Honey…What is this? What’s going on? What’s happening here? Why is your savings account a mess? Everyone has a checking account. Checking accounts are easy. The hard part is taking money from your checking account and moving it to a savings account. Unfortunately, this needs to be a part of your long term savings strategy, unless you plan on marrying a millionaire. That ship has already sailed for us. In other words, sorry. We can't help you live like Karen Walker overnight.
Savings is not something you can just run away from like a hotel bill…or a crying baby. You need to make a plan and stick with it. Savings accounts are a staple of long term financial freedom. You won't see aggressive growth that you might with a more risky investment like stocks, but your money won't stagnate without growth, like it would in a checking account either. It's also a good idea to have 3-6 months of cash in savings to cover any major life event, like a home purchase, car breakdown, or loss of a job. We estimate that for the average person that amounts to about $6,000. That seems daunting. Saving money is not a waste of time like exercise or reading to your kids (we're joking of course - lighten up).
Our general advice? Marry a millionaire. Don't make our mistake! But, if you want to establish good financial plans, start with a savings account. Any savings account will do, really. The #1 thing to keep in mind is set a goal that makes sense for your budget. I'm going to start saving needs to be a commitment and not just a saying, like ‘Ooh. That sounds like fun’… or ‘I love you’. Here's a post we did on how to get started.
But Really? What should you look for?
1) How easy is it for you to access your money? Many savings accounts will limit your withdraws. Savings accounts aren't meant to be treated like they are checking accounts. You'll want to consider how many times you may need to access money from your savings. The answer should be zero, so this shouldn't be a problem. Another thing to consider - can you access ATMs for free in the event of an emergency or will you need to transfer your money from a digital account to your primary checking account? If your savings account is with an online bank that process could take days.
2) What are your expected returns? APY, or annual percentage yield, is important. It's the amount your account would grow over a year if your interest rate stays constant and you do not withdraw your interest earnings. APY takes compounding interest into consideration. Many major banks offer APY's as low as 0.01%. The national average is 0.24%, and it's not difficult to find offers up-to 1.30%. If you open an account with $100 and save $50 a paycheck over a year, the difference adds up to be just shy of $10. It doesn't sound like a huge deal, but when you're building wealth every penny matters. Compounding interest is your Jack McFarland, only it will help pay rent. You may also want to look at opening a Mango account, which can earn up to 6.00% APY on the first $5,000.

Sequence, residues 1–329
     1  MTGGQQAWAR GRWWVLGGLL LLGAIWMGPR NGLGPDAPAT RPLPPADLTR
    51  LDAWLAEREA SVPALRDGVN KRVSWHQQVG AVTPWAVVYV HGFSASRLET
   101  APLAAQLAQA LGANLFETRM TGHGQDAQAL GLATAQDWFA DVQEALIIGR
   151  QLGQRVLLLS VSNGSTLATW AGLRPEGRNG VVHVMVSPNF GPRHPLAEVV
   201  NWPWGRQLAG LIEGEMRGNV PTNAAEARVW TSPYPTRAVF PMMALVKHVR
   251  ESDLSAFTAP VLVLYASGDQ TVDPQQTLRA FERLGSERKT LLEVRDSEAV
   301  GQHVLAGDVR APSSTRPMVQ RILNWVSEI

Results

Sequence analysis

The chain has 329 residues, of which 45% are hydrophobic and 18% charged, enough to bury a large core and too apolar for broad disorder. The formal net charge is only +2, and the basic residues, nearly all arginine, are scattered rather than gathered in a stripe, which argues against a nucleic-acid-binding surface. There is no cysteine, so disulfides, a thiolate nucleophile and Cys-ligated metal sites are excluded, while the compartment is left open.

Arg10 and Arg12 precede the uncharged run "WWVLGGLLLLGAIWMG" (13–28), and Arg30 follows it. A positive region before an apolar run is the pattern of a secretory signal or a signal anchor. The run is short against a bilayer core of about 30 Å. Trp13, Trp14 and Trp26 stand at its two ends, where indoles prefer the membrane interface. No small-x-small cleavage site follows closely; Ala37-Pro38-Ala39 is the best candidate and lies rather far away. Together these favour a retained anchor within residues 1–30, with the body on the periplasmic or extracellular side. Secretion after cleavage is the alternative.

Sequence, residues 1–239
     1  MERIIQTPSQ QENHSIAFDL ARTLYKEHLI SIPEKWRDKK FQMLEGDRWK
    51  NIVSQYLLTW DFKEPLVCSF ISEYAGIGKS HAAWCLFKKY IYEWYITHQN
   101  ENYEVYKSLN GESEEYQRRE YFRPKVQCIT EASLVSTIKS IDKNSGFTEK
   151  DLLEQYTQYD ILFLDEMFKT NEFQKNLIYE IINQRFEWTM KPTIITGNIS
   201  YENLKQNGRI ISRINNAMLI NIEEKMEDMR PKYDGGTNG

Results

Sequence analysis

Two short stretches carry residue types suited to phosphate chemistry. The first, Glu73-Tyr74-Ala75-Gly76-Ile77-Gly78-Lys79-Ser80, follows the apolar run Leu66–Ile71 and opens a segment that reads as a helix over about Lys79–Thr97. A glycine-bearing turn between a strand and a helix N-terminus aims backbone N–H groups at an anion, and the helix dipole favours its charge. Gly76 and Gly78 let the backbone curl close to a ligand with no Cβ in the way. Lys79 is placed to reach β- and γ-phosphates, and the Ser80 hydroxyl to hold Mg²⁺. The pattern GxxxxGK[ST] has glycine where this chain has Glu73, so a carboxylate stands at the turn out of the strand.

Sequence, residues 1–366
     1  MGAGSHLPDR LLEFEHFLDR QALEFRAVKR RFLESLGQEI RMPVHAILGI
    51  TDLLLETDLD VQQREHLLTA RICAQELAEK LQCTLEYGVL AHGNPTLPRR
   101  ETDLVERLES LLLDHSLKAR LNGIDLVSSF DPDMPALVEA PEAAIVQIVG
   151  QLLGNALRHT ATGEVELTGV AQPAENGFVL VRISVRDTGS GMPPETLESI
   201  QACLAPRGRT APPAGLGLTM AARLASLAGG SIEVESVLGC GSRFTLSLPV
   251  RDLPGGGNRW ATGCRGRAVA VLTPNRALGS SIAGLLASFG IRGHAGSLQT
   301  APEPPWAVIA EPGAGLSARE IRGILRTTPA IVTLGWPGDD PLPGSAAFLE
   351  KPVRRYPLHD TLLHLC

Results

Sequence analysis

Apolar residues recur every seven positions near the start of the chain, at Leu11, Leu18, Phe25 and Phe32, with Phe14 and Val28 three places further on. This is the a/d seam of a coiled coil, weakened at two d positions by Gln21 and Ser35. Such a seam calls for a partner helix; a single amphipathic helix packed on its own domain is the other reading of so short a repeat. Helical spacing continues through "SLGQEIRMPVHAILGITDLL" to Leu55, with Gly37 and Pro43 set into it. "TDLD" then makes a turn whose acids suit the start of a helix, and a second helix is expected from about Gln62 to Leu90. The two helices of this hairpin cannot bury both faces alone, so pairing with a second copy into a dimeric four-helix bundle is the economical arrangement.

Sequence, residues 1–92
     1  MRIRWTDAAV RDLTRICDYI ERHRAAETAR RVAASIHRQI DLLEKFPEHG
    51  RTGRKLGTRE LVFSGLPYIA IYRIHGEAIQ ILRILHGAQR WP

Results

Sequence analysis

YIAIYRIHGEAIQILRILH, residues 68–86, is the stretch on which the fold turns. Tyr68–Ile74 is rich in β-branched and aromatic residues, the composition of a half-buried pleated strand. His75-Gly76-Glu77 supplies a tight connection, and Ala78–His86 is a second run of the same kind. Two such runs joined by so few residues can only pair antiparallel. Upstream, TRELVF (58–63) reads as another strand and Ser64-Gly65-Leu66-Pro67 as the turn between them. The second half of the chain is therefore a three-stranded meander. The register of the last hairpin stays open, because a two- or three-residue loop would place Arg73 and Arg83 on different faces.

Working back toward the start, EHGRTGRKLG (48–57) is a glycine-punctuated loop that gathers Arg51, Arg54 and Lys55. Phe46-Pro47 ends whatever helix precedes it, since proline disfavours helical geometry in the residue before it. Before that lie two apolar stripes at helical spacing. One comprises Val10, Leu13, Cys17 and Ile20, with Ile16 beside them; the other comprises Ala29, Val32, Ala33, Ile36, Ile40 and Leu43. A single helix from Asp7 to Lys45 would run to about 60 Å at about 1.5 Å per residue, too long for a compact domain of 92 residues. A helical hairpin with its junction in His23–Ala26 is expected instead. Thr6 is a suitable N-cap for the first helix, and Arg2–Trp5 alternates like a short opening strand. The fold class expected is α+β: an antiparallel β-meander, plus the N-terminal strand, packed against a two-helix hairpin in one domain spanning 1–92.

3) How stable are your finances? If you have a sizable amount of savings built up, it's probably time to start looking at options to diversify your accounts. Start to look at some investing tools to get started. There are a handful of mobile applications that will allow you to start investing in stocks today with account balances under $100.
4) Remember that savings accounts are FDIC insured up to certain amounts. More about those amount can be found here. You don't run the risk of losing account value on insured amounts, like you may when investing in stocks. With that being said, after you have establishing healthy savings patterns, stocks and other investments are a healthy part of any savings plan.
You can check out our top 3 savings accounts here for easy comparison.
That's it. We're done with being broke. We're into being rich now. Get back to Will & Grace, so we can enjoy all the memes you make after the show.